Wall of Severus

The Wall of Severus is believed to be a defensive fortification built by the Roman Emperor Septimius Severus (reigned AD 193–211) during his military campaigns in northern Britannia in the early 3rd century.[1] Although the structure is mentioned in several classical texts, its precise locations is academically disputed due to inconsistencies between sources. Scholarly consensus believes they are most likely referring to the Antonine Wall. However, Hadrian's Wall and Offa's Dyke have both been suggested as possible candidates. Archaeological evidence has been discovered showing parts of Offa's Dyke, on the England-Wales border, is at least as old as the mid-5th century predating the 8th-century reign of the Saxon King Offa of Mercia by 300 years.[2]


Septimius Severus arrived in Caledonia in 208 after Picts began making a series of attacks and incursions since 197. During these military operations in Scotland, the Wall of Severus was reportedly built. Cassius Dio, a Roman historian who lived at the time of Severus, makes no direct mention to any new fortification but does allude to the existing Antonine and Hadrian Walls.[3] Late Roman historians interchange the name Severan Wall with the Antonine Wall. Other historical writers like Bede – an 8th-century English monk in the Angle Kingdom of Northumbria, link the fortification with Hadrian's Wall.[4]

Texts that refer to the wall include:

  1. Eutropius (late 4th century) writes: "He had his last war in Britain, and to fortify the conquered provinces with all security, he built a wall for 132 miles from sea to sea. He died at York, a reasonably old man, in the sixteenth year and third month of his reign." (Eutropius, Historiae Romanae Breviarium viii 19.1, written in AD 369).
  2. Historia Augusta (probably late 4th century), within the Life of Severus, mentions: "He built a wall across the island of Britain from sea to sea, and thus made the province secure — the crowning glory of his reign; in recognition thereof he was given the name Britannicus." (Historia Augusta, Life of Severus, 18:2, written around AD 395).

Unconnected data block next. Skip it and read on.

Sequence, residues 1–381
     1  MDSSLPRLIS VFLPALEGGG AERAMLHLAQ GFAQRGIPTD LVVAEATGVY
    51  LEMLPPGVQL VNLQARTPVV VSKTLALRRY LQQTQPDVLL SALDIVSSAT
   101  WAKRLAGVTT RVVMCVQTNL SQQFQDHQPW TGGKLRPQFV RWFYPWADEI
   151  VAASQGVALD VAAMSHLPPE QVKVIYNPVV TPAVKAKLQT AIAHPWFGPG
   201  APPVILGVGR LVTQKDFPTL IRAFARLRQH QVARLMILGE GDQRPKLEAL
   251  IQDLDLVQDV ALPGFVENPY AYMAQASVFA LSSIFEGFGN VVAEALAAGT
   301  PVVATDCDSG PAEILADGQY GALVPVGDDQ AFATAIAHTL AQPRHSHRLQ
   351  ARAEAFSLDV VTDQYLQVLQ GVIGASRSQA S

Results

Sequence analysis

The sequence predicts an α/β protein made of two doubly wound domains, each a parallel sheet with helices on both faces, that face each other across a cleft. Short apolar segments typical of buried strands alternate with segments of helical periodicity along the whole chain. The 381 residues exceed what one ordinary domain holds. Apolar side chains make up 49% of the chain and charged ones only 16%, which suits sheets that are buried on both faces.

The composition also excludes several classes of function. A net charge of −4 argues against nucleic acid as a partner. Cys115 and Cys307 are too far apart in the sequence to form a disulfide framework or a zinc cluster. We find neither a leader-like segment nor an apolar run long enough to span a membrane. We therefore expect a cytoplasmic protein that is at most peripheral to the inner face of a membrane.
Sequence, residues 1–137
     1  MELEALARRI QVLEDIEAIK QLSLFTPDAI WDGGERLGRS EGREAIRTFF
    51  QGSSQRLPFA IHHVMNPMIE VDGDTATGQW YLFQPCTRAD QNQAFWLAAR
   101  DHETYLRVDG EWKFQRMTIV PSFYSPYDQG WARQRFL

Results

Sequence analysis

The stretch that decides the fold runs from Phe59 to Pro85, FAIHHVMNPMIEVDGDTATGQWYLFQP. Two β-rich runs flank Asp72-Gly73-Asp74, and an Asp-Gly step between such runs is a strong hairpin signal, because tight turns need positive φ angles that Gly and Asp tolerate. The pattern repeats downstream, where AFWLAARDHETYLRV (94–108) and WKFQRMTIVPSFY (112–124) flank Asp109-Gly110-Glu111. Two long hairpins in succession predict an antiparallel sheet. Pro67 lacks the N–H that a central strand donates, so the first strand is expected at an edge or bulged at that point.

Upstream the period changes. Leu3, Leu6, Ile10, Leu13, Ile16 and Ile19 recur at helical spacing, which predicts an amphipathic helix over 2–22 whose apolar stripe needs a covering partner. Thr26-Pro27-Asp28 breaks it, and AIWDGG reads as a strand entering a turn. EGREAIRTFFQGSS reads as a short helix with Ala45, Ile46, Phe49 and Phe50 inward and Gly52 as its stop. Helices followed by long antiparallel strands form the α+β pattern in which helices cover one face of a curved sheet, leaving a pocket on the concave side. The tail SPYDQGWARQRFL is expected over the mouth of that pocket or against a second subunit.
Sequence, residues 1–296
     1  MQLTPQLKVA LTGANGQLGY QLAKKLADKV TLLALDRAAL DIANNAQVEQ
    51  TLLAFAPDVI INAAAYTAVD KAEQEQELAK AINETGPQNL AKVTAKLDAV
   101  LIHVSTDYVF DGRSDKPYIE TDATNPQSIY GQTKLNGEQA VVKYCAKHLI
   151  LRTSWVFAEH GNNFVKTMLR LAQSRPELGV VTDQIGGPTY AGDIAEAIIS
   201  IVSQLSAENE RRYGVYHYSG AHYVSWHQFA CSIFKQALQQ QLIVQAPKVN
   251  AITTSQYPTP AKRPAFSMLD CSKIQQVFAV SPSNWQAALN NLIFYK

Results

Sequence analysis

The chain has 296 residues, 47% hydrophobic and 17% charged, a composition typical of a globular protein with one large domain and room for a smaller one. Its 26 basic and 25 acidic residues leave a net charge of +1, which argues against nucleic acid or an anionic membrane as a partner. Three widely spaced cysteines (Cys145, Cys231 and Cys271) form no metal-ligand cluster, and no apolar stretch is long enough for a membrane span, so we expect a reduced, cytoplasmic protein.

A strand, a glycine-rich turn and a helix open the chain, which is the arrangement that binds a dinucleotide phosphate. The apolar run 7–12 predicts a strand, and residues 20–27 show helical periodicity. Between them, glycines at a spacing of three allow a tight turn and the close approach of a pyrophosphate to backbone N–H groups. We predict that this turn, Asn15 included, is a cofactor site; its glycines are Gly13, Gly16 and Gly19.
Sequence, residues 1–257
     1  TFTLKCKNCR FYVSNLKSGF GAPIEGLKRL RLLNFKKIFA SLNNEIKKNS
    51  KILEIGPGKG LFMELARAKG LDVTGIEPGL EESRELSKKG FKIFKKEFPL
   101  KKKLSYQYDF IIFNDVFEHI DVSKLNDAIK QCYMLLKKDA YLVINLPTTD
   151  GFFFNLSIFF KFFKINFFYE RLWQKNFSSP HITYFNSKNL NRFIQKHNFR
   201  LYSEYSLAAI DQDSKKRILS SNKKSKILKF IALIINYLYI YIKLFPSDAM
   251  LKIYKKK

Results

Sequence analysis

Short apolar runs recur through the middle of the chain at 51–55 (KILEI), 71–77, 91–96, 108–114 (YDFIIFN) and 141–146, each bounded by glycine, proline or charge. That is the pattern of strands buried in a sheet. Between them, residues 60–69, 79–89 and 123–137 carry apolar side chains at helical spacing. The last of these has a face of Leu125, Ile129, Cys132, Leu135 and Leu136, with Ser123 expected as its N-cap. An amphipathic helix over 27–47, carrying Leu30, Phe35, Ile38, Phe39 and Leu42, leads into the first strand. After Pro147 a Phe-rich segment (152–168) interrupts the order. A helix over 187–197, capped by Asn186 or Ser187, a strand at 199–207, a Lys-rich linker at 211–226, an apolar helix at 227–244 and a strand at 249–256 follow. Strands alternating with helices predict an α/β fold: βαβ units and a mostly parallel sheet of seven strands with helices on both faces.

3. Bede (8th century) writes: "In the year of our lord 189 (AD), Severus became emperor (of Rome)... being of a harsh disposition and engaged in many wars, he governed the state vigorously, but with much trouble, having been victorious in all the grievous civil wars that occurred in his time, he was drawn into Britain by a revolt of almost all the confederated tribes, and after many great and severe battles, he thought fit to divide that part of the island that he recovered from the other unconquered nations, not with a wall as some have imagined but with a rampart, for a wall is made of stones. A rampart for which camps are fortified to repel enemies is made of sods cut out of the ground and raised high above the ground like a wall, having in front of it a trench from whence the sods were taken, with strong stakes of wood afitted above it. Thus Severus drew a great trench and rampart fortified with several towers from sea to sea, and there at York afterwards he fell sick and died."[5]